The Post clearly has no principled objection to working with officials of the FBI, CIA, NSA, and other agencies in bringing down a president. After all, they claim that they relied on an FBI official to help bring down Nixon.
Even with the firing of FBI director James Comey, an obvious source for the media, it’s apparent that many of these high-level people remain in the intelligence community. They were not elected, however, and they remain in the shadows, making decisions affecting the fate of a government elected by the American people by creating the appearance of a Watergate-style scandal.
Interestingly, the title of the new Hemingway book is a takeoff on Tinker Tailor Soldier Spy, the 1974 spy novel by British author John le Carré that was made into a blockbuster film, and was based on the real-life “Cambridge Five” communist espionage ring.
It turns out that Hemingway worked for the CIA’s predecessor, the OSS, before going to work for the Russians.
Interestingly, the anonymous sources now being used to destroy Trump, on the grounds that he is a Russian puppet, have used a “Trump Dossier” that is based on the work of a former British spy who worked for Hillary Clinton and pro-Russian interests.
Since this is demonstrably the case as we have noted in a series of investigative stories, it is reasonable to assume that these anonymous sources in the Trump case are working against American interests. Equally significant, if they are in the intelligence community, they are working for, not against, the Russians. It is bizarre but true.
Leaving aside the identity of sources and their motives, the official story of Watergate continues to be that Nixon was forced out of office for corrupt practices. But these had also occurred under other administrations. Victor Lasky’s classic book, It Didn’t Start With Watergate, set the record straight on that score.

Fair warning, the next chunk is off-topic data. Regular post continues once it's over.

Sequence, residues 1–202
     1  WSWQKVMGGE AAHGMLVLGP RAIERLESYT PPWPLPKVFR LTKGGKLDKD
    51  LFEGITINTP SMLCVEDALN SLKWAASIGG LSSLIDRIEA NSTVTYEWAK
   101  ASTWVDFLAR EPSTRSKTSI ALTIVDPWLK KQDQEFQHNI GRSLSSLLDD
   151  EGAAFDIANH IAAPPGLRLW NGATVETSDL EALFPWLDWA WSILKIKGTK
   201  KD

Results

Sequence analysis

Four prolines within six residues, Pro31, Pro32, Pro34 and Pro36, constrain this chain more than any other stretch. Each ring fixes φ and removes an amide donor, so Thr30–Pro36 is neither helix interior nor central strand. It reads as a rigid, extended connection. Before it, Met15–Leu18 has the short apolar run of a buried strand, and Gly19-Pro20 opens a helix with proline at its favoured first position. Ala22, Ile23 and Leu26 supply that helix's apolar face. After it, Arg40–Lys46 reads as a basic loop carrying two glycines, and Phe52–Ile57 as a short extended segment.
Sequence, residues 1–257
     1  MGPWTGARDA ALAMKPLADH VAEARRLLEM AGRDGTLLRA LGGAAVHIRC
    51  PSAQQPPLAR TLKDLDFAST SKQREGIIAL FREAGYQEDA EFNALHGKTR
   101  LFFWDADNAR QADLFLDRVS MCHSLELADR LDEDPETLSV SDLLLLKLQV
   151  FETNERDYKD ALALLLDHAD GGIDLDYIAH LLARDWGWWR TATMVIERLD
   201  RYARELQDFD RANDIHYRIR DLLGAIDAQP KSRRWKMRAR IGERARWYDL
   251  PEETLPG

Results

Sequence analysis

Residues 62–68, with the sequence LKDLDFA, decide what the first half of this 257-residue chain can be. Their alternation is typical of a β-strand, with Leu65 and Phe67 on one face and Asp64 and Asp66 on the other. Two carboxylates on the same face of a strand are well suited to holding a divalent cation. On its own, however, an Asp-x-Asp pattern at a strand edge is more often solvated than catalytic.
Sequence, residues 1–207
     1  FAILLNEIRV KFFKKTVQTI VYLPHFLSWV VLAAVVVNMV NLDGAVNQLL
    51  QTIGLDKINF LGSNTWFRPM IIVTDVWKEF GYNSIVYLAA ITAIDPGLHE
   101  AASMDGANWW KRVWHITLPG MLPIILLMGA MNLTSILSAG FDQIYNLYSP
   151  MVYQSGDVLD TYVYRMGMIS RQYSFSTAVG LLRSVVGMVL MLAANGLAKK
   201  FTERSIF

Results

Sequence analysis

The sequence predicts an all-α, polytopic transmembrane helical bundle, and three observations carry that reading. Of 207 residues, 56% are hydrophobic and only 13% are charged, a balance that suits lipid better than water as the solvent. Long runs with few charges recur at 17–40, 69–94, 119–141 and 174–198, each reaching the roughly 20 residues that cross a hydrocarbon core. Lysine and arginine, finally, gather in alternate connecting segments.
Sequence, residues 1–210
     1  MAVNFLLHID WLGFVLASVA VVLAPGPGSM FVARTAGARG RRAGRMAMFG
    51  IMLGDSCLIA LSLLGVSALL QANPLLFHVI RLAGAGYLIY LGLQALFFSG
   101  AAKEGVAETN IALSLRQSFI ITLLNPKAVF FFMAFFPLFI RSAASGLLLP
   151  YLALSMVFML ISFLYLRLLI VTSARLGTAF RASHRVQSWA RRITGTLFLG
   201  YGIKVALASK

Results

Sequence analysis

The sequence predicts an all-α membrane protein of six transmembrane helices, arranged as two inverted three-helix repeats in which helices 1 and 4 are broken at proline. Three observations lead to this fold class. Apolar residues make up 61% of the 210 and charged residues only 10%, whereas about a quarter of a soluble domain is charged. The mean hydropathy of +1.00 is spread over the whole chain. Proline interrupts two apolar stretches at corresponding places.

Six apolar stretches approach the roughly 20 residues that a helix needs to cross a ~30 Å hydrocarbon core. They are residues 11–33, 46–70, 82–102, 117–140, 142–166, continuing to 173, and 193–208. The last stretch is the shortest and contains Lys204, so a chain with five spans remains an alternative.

We have also noted other scandals that had received far less attention than Watergate, including:
- FDR’s Pearl Harbor cover-up, blaming Admiral Kimmel for the disaster
- The stolen presidential election of 1960 that put John F. Kennedy in the White House
- Attorney General Bobby Kennedy’s bugging of the phones of Martin Luther King, Jr.
- Clinton administration abuse of the IRS and FBI to go after “enemies”
Does the latter sound familiar? It sounds like something that occurred under President Obama, but which never achieved Watergate status. Neither did the Benghazi cover-up or his own pro-Russian policies and statements.
“Look at the way I’ve been treated lately, especially by the media,” Trump told graduates of the U.S. Coast Guard Academy. “No politician in history—and I say this with great surety—has been treated worse or more unfairly.”
He’s correct, except possibly for the Nixon example. In Trump’s case, it’s true that he offends the media. But he has also offended some powerful people in the intelligence community. Together, they are determined to destroy him.
It may turn out to be the case that Trump’s real crime was failing to clean house in the intelligence community. Did the firing of Comey come too late to make a difference?
Cliff Kincaid is the Director of the AIM Center for Investigative Journalism and can be contacted at firstname.lastname@example.org. View the complete archives from Cliff Kincaid.